USA TODAY High School Sports has a weekly column on the college recruiting process. Here, you’ll find practical tips and real-world advice on becoming a better recruit to maximize your opportunities to play at the college level. Kyle Winters was a standout high school pitcher who tossed seven scoreless innings in a major tournament during his senior year. That performance against some heavy-hitting future MLB draft picks helped Kyle earn a full-ride scholarship to the University of New Mexico. However, Kyle opted to play professional baseball and was drafted by the Florida Marlins in the fifth round and played seven seasons for various minor league teams. Kyle is just one of many former college and professional players, college coaches, and parents who are part of the Next College Student Athlete team. Their knowledge, experience, and dedication along with NCSA’s history of digital innovation, and long-standing relationship with the college coaching community have made NCSA the largest and most successful athletic recruiting network in the country.
Many athletes daydream of walking on to their favorite college team and on to future glory. It’s the ultimate underdog story. In fact, NFL stars J.J. Watt and Clay Matthews got their feet wet as preferred walk-ons at Wisconsin and Southern California, respectively. Feel overlooked or under-recruited by coaches? Bet on yourself as a college walk-on.
As student-athletes and their families navigate the recruiting process, they must often choose between scholarship offers and walk-on opportunities. Should you accept that D2 scholarship offer with guaranteed playing time? Or should you chase after a higher level of competition as a D1 walk-on? Before you make the call, here are some key things to know about the world of college walk-ons.
What is a preferred walk-on?
Preferred walk-ons are guaranteed a spot on the roster. Their preferred status means the college coach wants the recruit on their team, but the coach doesn’t have a scholarship for them. In football, this is a common way to recruit specialist positions like kickers and punters.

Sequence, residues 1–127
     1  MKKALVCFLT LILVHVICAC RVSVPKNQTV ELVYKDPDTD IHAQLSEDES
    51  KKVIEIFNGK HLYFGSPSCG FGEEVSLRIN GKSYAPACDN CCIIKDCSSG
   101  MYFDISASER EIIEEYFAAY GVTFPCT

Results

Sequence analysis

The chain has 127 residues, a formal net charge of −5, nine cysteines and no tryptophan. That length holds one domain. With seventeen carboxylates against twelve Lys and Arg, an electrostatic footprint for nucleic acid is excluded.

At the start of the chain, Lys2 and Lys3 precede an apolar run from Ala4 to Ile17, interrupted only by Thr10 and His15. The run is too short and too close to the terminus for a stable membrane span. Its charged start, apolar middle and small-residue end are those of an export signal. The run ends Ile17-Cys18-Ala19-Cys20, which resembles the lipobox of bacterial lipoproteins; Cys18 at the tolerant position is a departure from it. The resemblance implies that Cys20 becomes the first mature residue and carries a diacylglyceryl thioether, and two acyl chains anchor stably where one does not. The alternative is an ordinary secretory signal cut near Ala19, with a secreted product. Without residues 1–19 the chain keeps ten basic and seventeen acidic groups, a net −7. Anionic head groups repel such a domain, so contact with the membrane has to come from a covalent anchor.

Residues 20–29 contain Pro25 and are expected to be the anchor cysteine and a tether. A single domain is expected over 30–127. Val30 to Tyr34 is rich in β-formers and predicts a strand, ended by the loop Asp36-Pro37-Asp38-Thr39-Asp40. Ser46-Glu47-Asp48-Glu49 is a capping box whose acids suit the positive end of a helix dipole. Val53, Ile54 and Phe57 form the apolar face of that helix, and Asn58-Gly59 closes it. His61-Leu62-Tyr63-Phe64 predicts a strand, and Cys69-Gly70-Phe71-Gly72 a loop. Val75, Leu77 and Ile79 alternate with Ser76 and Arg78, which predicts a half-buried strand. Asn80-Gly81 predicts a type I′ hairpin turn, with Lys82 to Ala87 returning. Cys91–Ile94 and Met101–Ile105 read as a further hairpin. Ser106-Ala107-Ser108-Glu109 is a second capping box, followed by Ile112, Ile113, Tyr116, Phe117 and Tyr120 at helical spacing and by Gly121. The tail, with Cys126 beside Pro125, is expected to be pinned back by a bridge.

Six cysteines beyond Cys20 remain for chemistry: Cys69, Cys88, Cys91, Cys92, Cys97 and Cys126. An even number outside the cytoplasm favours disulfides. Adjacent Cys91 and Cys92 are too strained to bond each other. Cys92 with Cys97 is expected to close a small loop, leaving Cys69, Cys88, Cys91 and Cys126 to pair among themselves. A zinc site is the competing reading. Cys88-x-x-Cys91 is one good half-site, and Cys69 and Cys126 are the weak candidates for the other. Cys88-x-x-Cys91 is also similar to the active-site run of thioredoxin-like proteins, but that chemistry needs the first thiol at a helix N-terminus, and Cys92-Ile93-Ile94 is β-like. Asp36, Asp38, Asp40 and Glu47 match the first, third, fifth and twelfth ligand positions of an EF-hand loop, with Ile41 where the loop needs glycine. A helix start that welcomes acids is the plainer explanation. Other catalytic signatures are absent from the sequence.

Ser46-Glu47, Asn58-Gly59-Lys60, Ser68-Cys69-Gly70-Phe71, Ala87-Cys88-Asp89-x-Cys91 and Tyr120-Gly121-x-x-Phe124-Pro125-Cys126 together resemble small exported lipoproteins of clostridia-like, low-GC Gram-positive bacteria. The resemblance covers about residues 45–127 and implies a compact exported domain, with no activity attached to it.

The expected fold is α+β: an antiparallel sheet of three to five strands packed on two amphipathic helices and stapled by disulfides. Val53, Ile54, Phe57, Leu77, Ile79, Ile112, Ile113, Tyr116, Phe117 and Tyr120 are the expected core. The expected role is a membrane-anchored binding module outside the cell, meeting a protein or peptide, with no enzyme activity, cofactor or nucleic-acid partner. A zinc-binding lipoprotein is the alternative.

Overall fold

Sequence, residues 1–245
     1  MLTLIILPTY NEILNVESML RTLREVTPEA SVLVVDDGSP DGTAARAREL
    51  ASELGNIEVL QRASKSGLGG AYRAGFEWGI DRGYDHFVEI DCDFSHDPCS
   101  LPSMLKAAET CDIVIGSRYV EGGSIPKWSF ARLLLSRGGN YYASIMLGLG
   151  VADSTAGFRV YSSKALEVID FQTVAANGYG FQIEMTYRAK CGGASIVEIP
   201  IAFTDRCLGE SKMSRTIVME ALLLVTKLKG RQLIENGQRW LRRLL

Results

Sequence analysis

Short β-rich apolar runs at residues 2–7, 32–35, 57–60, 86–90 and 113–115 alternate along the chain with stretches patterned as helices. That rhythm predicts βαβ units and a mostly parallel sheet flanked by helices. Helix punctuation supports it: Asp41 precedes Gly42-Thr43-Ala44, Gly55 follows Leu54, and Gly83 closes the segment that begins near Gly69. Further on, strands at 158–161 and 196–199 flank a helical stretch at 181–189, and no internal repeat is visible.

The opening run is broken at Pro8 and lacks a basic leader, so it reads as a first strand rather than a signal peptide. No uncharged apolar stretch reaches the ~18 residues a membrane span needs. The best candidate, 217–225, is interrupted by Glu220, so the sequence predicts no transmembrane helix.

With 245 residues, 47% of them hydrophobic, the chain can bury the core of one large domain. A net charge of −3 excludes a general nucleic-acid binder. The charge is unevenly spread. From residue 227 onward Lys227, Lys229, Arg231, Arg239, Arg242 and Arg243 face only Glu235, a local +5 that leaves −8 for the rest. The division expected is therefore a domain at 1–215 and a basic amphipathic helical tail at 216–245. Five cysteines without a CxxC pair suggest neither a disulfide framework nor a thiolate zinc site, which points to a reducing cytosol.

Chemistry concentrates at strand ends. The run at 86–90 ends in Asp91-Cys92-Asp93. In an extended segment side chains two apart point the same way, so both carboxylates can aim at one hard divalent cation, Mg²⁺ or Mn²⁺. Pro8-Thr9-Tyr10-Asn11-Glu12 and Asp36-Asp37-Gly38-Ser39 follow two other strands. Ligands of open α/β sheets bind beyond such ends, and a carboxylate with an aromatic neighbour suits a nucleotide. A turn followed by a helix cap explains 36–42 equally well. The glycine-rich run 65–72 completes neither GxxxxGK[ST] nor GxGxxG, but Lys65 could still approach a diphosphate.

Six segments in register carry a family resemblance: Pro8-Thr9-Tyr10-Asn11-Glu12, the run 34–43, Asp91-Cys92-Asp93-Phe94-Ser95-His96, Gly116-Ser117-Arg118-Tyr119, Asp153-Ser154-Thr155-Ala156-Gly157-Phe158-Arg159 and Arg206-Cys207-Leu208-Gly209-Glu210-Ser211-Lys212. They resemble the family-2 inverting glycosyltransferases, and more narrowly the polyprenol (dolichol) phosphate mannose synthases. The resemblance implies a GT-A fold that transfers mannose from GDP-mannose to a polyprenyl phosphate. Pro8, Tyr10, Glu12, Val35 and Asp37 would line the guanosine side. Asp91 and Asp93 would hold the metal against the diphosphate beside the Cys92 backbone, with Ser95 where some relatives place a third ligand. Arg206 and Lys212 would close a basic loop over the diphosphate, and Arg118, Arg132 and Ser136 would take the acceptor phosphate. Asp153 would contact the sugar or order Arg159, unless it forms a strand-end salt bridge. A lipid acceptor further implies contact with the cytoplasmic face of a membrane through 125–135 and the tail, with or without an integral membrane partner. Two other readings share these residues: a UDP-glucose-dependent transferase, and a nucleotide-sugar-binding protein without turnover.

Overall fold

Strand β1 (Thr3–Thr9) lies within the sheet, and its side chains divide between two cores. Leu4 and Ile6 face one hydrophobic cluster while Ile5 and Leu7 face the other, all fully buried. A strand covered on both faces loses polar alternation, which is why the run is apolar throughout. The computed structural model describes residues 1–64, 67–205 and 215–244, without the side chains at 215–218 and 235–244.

While preferred walk-ons don’t receive an athletic scholarship, they still go through the recruiting process. When a spot opens up on the depth chart, preferred walk-ons are often first in line. Preferred walk-ons can earn a scholarship going into their second season, but nothing is a sure thing.
What is a recruited walk-on?
While recruited walk-ons receive recruiting interest from a coach, they still have to win their roster spot during a tryout or summer training camp. Recruited walk-ons don’t get financial assistance and aren’t guaranteed to make the team. However, they are on the coach’s radar and have a chance to compete for a scholarship.
Read more: The walk-on route–a risk worth taking?
What is an unrecruited walk-on?
Unrecruited walk-ons participate in an open tryout for a chance to make the roster. In most cases, the student-athlete qualifies for admission to the school and communicates with the coach before the tryout. Like preferred and recruited walk-ons, unrecruited walk-ons don’t receive any financial assistance. However, they can earn a scholarship down the line.
Do walk-ons get scholarships?
The NCAA does not allow schools to provide written promises of scholarships to walk-ons. While some student-athletes eventually earn a partial or full-ride scholarship after starting out as a walk-on, others compete for their entire college careers without receiving financial assistance.
How many walk-ons are there?
Thousands. Many Division 1 sports, including football, basketball, tennis, gymnastics and volleyball, restrict the number of athletes that can be on a scholarship. After all the scholarships are offered, the remaining spots are for walk-ons. While the NCAA doesn’t compile specific data on walk-ons, the average Division 1 FBS roster has 118 football players with a scholarship limit of 85 per team. This means over 30 walk-ons per roster. In many cases, coaches extend walk-on offers to late bloomers once they’ve used up their scholarships and finalized their recruiting classes.
Do preferred walk-ons sign on National Signing Day?
Since preferred walk-ons don’t receive an athletic scholarship, they don’t have anything to sign. However, walk-ons are an important part of any college team and accepting a preferred walk-on offer is worth celebrating. Ask your future coach about having something to sign and rep your new team with school gear.
Should I accept a walk-on offer?
As you communicate with coaches and evaluate schools, there are many athletic, academic and financial factors to consider. Some student-athletes turn down scholarship offers to compete for their dream program as a preferred walk-on. Others can’t afford to pass up a scholarship from a smaller school.
Think you’ve got what it takes to succeed as a college walk-on? Treat every practice like a tryout. With the risk of getting cut looming over their heads, college walk-ons need to give 100% during every workout, practice, scrimmage and game. Student-athletes who embrace the underdog mentality and work extremely hard can earn playing time and win the respect of the coach. After all, coaches love competitors.